Even with all the advances made in drug therapy for depressed people, finding the right medication has, until now, simply been a trial and error approach.
I’ve been on countless drugs, some less effective and some with untenable side effects, before finding the right combination that has worked for me for some time. Each time I tried one, it was a matter of giving feedback to the doctor, who either felt I should continue the drug or try something else.
Now there is published research out of UT Southwestern Medical Center that has found they can match the right drug to a person by checking their C-reactive protein level in a blood test. C-reactive proteins have given medicine a clue to underlying inflammation for some years.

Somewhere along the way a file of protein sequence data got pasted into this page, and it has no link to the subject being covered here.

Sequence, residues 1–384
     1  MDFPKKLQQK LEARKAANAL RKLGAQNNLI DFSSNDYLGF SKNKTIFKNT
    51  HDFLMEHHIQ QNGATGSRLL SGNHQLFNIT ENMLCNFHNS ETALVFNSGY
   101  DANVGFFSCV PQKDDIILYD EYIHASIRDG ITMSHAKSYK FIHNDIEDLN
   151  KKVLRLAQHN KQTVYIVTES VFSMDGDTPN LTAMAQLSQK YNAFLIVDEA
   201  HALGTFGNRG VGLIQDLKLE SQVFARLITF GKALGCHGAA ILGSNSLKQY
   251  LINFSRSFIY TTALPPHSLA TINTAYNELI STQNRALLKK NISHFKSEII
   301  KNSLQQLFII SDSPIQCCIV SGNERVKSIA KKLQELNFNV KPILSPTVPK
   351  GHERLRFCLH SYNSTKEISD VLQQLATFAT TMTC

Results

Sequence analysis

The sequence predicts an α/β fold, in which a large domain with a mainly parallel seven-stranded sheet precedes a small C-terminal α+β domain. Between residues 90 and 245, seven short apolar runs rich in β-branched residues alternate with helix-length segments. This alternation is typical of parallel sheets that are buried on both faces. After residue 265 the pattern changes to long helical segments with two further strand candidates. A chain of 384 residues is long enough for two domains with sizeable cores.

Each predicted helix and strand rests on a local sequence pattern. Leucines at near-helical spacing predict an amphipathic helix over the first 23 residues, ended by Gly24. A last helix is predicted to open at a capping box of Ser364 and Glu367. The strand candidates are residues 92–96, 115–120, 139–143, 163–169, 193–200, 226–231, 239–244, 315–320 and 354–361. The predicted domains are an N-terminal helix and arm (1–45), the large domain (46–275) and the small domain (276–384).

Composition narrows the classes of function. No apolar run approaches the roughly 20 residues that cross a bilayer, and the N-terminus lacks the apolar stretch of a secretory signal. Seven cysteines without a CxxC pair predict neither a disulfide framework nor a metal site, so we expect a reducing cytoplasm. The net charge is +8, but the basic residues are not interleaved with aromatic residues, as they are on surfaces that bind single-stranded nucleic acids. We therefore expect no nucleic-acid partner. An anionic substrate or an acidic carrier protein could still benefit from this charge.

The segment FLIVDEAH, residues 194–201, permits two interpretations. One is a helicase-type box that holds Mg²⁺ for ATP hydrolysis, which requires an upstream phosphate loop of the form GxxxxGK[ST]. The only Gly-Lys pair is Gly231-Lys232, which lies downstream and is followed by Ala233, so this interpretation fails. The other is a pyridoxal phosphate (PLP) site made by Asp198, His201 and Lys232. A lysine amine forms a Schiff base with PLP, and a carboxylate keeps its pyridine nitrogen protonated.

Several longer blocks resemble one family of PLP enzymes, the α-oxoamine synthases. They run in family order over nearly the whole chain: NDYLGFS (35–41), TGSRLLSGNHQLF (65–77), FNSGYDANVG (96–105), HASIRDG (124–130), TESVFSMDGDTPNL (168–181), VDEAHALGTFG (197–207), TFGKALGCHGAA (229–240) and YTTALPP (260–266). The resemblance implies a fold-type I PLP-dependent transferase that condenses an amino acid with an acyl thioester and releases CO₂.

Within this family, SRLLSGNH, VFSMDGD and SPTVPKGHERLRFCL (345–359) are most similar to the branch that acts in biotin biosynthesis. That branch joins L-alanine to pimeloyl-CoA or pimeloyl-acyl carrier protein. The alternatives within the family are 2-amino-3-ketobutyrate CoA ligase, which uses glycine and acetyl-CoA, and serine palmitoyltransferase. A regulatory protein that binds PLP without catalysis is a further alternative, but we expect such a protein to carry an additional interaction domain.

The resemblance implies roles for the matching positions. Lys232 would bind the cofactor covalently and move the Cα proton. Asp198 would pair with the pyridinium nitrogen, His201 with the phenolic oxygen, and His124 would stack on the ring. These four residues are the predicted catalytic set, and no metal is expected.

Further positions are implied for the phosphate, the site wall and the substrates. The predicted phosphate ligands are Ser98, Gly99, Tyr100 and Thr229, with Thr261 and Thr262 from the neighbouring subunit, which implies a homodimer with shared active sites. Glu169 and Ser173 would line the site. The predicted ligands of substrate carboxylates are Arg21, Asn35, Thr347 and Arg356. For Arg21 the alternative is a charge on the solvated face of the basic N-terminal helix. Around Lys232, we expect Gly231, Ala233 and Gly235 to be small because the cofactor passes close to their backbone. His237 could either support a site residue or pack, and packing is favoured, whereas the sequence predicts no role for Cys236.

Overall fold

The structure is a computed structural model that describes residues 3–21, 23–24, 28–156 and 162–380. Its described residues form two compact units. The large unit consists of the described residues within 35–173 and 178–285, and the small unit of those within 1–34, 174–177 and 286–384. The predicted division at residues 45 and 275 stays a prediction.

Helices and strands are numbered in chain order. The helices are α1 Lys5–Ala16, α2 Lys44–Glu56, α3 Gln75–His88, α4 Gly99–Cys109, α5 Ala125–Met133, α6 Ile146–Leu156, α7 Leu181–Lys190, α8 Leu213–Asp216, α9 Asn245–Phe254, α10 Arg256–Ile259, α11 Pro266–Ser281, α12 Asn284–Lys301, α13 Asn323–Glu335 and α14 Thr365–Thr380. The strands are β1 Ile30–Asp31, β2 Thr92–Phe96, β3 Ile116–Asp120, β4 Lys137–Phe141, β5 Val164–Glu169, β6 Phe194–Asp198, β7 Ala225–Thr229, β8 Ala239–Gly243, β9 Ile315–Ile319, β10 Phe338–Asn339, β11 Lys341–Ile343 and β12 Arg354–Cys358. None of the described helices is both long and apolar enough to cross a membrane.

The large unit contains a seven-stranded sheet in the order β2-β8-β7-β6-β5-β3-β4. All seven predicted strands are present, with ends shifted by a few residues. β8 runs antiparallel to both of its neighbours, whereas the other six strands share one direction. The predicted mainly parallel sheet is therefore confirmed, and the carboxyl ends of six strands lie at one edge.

It would seem my gut feeling about brain inflammation and depression is being borne out.
From Science Daily:
“A study from Dr. Madhukar Trivedi … demonstrated that measuring a depressed patient’s C-reactive protein level can help doctors prescribe an antidepressant that is more likely to work.
A major national study Dr. Trivedi led more than a decade ago (STAR*D) gives insight into the prevalence of the problem: Up to a third of depressed patients don’t improve during their first medication, and about 40 percent of people who start taking antidepressants stop taking them within three months.
‘This outcome happens because they give up,’ said Dr. Trivedi, whose previous national study established widely accepted treatment guidelines for depressed patients. ‘Giving up hope is really a central symptom of the disease. However, if treatment selection is tied to a blood test and improves outcomes, patients are more likely to continue the treatment and achieve the benefit.'”
So if you are still trying to find just the right medication, this study seems to provide hope. It may not be available in your doctor’s office today, but I can’t help but think it is coming.